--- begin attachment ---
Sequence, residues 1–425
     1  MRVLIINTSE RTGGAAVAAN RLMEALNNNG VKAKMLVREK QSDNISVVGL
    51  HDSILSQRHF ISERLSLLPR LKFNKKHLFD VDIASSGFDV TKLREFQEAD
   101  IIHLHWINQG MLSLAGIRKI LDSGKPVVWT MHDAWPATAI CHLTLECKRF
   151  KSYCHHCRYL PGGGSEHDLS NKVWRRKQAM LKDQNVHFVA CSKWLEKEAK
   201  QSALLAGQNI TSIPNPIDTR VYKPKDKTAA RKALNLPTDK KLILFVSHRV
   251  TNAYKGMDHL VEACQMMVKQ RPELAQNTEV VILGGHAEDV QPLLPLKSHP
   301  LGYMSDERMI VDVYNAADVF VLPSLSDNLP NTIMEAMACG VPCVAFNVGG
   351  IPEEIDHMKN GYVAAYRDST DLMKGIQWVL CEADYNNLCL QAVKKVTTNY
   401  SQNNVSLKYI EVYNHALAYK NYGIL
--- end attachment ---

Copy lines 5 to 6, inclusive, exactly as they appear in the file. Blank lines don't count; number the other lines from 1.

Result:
   151  KSYCHHCRYL PGGGSEHDLS NKVWRRKQAM LKDQNVHFVA CSKWLEKEAK
   201  QSALLAGQNI TSIPNPIDTR VYKPKDKTAA RKALNLPTDK KLILFVSHRV